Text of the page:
THE BLOG

Financial Burden of Ill Health

25/04/2013 17:41 BST | Updated 25/06/2013 10:12 BST
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Life is hard, even if you don't suffer from ill health; in today's world it's not easy to make ends meet, and usually a household necessities two incomes to uphold a certain standard of living. With the economy worldwide in poor shape, a disabled person, often on a small disability allowance; times can be very tough. There are so many extra expenses when chronically ill, that if one were to chart all these additions, it would be quite shocking, as they add up to a tidy sum. The financial side is generally overlooked, and those fortunate to be blessed with good health, probably don't give it a second thought nor realise it's tremendous effects.

Only disabled and chronically ill persons along with their families, know and understand first hand, how difficult life can be. Financial burden is an issue not often mentioned, since no one wants to admit openly the hardship that frequently goes hand in hand when a person is unable to work due to health reasons. Humiliation and shame at not being able to manage appear to cause great embarrassment, often leaving a family to struggle in silence. Doctors, understandably are primarily concerned with the health of the patient, but I often wonder if they give any thought to this very common and real economic problem.

To give you a few simple examples of what extras a chronically ill patient might incur: just purchasing necessary prescription medications can stretch one's budget to the max. Should one decide to buy additional medicines that require no prescription and are considered 'alternative' or 'holistic', these are usually highly expensive. Then of course, special equipment may be required, such as: walking sticks, crutches, wheel chair, hand rails for bathroom, raised toilet seat, electric bed, heating pads, good orthopaedic shoes or house slippers with proper support and so on. The list is long; but you get the picture!

There is also the matter regarding loss of spouse or caregiver's income when required to spend the day in hospital with the person who is not well. Often little or no time to prepare food and drink for the day, one ends up spending more money in the hospital cafeteria which is usually expensive and not particularly nutritious. The amount of time, energy and lost income when attending various doctor's appointments, tests and filling prescriptions at the pharmacy is unimaginable.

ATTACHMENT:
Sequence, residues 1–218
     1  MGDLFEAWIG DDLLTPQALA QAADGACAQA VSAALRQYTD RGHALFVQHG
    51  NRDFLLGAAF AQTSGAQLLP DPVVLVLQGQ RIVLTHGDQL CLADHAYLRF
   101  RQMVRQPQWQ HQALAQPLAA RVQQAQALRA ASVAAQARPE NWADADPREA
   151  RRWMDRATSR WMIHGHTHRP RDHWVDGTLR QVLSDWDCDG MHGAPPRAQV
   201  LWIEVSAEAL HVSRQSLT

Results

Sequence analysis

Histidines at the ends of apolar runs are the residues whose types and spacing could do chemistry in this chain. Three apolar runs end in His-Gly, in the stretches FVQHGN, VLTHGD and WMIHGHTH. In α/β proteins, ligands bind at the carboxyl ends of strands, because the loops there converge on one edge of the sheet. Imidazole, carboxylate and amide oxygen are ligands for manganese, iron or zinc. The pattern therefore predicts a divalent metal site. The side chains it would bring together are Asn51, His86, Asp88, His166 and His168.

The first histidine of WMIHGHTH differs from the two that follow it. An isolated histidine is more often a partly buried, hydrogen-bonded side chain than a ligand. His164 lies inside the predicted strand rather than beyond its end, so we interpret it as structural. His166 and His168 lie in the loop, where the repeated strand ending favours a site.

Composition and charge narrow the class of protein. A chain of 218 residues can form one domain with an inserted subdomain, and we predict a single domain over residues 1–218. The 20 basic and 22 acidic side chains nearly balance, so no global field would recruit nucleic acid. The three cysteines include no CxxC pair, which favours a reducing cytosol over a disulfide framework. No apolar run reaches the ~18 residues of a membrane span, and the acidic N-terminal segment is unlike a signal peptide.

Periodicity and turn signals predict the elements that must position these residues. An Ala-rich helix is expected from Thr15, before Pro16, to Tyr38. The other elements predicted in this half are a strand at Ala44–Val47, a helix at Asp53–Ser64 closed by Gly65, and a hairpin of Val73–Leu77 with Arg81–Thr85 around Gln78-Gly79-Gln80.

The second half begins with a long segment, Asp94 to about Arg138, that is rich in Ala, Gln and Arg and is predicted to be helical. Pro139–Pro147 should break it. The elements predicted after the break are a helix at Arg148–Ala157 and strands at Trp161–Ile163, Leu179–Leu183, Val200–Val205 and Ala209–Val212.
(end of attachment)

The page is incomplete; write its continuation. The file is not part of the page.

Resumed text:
One expense that really makes my blood boil is car parking charges in medical centers and hospital car parks. Let's face it, no one visiting a hospital or medical facility goes there for the sheer fun of it. It's not a pleasurable day out; you didn't wake up one morning and think where shall we go today? Why don't we go to the hospital? It's bad enough being ill and requiring a hospital visit, (some unfortunately on a regular basis) but obligated to pay for this 'pleasure' seems ludicrous, if not rather cruel. It's about time these parking charges were dropped.

Much time is spent contacting various authorities when chronically ill and in need of assistance. The amount of running around, bureaucratic forms to be filled out not just by your doctor, but an array of health officials, takes precious time. If the person who is ill isn't capable of dealing with this paperwork alone or can't get to the appropriate offices by themselves, the responsibility lands on the shoulders of the spouse who brings in the sole income for the family, who has to once again take time off work.

We've all heard the saying "money can't buy health or happiness", and this couldn't be more true. However, I must confess that having money would make life so much easier and just a little less fraught when chronically ill by alleviating the financial burden. Marriage can become challenging when financial anxiety and strain is brought into the equation. This monetary problem can also cause a couple great difficulty in getting a mortgage, and in my case, no insurance company is willing to give me a life insurance policy.

I am in the strange position of being worth more alive than dead! (what a cheery encouraging thought). The insurance companies presume I'm a bad risk and think they know something the doctors do not. I will not be defeated by pessimistic insurance businesses; if anything this strengthens my verve for I aim to prove them wrong. I intend to live a full long life, and maybe someone with heart will "Take a Chance on Me"! (as the song by ABBA goes).

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